Part of Something Big

CJ Callahan

CJ Callahan didn’t think Spokane would have much to offer in terms of a food scene. As a chef in Chicago, his bar menu at Hopleaf had a reputation for elevated down-home deliciousness, as did the pop-up brunches he created as a featured chef in other Chicago establishments.

A year after moving here, Spokane has exceeded his expectations.

“I moved here to be closer to my girlfriend,” he says. But cooking is his other love. “So I immediately started looking for people who appreciate great food.”

It didn’t take long to find them. CJ quickly got a job running the kitchen at Hogwash Whiskey Den, where he works with James Beard-nominated chef Jeremy Hansen to continue pushing the boundaries on the cocktail bar’s creative food menu. He’s also involved in Inland Pacific Kitchen, the upscale fine dining destination just upstairs from Hogwash.

CJ Callahan

“For a city this size, I’ve been blown away.”

On Sundays, CJ and his girlfriend Libbey frequent Italia Trattoria in Browne’s Addition, where another Beard-nominated chef (Anna Vogel) is building a reputation for high culinary brunch fare. On Monday nights, it’s usually Ruins for “McRuins” — chef Tony Brown’s delectable take on fast food.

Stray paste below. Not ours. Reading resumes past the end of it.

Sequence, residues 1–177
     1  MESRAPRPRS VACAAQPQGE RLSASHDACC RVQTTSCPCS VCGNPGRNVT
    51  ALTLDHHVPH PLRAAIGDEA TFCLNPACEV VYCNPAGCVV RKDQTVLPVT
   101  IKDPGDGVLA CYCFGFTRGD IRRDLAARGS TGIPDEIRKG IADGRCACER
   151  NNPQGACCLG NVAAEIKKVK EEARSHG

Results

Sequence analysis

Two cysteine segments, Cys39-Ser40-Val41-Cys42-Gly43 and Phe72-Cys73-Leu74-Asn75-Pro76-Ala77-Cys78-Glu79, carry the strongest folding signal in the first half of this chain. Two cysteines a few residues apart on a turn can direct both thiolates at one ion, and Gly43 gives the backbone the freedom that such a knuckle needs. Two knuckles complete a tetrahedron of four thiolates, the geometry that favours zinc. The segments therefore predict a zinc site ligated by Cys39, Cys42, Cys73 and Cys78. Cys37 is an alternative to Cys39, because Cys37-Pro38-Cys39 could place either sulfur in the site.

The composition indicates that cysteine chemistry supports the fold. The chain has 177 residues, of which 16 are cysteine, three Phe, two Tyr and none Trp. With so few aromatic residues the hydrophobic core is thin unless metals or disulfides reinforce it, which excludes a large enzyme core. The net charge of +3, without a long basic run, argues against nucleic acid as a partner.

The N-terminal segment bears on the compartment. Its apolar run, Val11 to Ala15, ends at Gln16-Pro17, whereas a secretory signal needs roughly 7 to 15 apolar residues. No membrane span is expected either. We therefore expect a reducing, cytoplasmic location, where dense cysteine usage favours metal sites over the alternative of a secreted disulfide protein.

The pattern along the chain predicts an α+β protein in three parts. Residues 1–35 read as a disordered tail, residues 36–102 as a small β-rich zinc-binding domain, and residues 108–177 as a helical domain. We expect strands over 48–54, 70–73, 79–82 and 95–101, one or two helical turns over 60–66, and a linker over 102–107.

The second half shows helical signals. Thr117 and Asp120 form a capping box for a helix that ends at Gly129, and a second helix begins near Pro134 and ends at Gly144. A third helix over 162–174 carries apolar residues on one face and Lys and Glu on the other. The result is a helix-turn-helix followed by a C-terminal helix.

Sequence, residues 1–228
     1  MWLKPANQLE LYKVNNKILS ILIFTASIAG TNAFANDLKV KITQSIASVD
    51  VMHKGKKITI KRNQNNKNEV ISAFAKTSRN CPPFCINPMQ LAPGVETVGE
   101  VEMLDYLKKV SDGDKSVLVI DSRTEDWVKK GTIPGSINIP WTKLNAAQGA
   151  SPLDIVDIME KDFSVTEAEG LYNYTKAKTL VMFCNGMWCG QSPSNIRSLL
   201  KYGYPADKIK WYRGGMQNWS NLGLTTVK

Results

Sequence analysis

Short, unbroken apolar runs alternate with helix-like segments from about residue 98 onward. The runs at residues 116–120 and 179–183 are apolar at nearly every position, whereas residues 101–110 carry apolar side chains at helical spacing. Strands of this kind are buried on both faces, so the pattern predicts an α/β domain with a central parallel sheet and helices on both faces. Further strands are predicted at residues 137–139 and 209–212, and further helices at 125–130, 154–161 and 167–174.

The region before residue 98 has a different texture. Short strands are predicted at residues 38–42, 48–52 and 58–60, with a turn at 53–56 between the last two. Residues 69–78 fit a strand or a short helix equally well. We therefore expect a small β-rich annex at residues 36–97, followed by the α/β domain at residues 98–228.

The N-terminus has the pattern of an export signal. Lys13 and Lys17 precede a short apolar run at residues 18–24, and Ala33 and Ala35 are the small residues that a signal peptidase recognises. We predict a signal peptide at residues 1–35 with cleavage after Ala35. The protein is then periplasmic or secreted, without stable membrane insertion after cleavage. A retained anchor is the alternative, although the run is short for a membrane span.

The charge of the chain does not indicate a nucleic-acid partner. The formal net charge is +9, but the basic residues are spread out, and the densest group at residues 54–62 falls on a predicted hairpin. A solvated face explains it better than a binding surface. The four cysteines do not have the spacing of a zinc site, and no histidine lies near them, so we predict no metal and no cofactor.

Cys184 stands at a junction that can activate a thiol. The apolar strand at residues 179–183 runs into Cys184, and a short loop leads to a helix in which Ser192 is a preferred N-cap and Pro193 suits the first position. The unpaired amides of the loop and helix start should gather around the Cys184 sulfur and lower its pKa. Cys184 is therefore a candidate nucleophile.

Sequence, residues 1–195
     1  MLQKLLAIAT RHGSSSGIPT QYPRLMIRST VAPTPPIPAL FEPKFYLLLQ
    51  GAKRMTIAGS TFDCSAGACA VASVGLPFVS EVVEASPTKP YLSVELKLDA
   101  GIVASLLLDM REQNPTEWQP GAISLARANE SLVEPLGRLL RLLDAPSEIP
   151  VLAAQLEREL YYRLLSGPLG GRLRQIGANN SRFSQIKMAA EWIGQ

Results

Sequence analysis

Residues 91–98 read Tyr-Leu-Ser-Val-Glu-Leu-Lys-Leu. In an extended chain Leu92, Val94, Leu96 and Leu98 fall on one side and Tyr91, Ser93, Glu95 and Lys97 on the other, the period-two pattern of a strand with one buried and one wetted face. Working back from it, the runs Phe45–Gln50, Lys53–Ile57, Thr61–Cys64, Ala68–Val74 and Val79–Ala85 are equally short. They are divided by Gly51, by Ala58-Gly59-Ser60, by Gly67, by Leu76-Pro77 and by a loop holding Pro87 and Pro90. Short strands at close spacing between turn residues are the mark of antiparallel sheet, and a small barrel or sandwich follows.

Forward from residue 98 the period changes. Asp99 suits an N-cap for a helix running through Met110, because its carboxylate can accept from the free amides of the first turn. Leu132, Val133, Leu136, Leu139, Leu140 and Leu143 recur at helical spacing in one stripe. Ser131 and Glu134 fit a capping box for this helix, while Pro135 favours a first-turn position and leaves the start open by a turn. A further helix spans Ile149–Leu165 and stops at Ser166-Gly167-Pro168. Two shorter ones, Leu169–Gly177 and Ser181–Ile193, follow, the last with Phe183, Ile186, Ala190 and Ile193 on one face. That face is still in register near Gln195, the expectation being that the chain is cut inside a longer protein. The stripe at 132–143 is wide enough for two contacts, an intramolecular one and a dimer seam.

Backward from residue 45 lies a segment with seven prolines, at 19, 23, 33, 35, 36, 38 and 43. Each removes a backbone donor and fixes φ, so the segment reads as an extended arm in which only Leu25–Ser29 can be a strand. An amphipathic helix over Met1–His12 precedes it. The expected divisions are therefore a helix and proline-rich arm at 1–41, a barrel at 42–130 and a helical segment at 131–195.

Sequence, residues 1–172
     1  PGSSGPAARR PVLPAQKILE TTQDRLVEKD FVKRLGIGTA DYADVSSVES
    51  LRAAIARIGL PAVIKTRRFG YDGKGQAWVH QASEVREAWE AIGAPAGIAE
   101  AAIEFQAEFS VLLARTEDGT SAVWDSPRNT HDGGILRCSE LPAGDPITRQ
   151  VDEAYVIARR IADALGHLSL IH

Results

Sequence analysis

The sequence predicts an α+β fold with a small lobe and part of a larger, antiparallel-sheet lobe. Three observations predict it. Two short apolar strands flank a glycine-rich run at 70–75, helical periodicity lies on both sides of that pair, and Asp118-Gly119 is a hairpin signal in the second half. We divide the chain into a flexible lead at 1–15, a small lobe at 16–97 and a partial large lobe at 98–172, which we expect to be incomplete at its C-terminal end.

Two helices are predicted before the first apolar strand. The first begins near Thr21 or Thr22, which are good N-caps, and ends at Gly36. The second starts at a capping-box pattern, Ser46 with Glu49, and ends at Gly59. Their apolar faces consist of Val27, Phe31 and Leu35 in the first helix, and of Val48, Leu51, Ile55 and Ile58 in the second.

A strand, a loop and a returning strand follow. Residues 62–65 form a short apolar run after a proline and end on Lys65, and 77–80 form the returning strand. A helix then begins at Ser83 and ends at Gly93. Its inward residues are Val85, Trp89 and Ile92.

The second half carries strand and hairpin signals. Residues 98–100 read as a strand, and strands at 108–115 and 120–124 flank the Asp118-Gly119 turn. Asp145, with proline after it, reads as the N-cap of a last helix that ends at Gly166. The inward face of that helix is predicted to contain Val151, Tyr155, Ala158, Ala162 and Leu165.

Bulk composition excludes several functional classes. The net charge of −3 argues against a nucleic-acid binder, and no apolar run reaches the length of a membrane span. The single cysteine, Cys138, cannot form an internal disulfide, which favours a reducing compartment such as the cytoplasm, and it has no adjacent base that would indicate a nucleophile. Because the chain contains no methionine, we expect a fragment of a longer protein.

“For a city this size, I’ve been blown away,” says CJ. “Because the food scene is on the rise, it’s fun to get involved and be a part of the development.”

The size of Spokane itself has been something of a happy medium for CJ. He grew up in a tiny Arkansas town with just 400 residents, and then spent a decade in one of the nation’s largest cities. The transition hasn’t been without difficulty — in the midst of getting his bearings, CJ has dealt with a back injury and has certainly missed his friends back in Chicago.

“That’s something that takes time,” he said. “I’m sure I can develop those relationships here as I get more connected.”

One moment of connection that stands out is when Libbey, a preschool teacher, invited him to Career Week for a cooking demonstration. The school had doctors and dentists scheduled, but she thought it would be good to also show the kids the life of a culinary professional.

“I’ve almost always worked in 21-and-over places, so I’m never around kids,” he says. “We had a blast. Kids were cracking eggs, grating cheese, whisking dressing, shredding lettuce… they loved it. Libbey tells me some of those kids have been getting more interested in food, and asking to help prepare dinner at home.”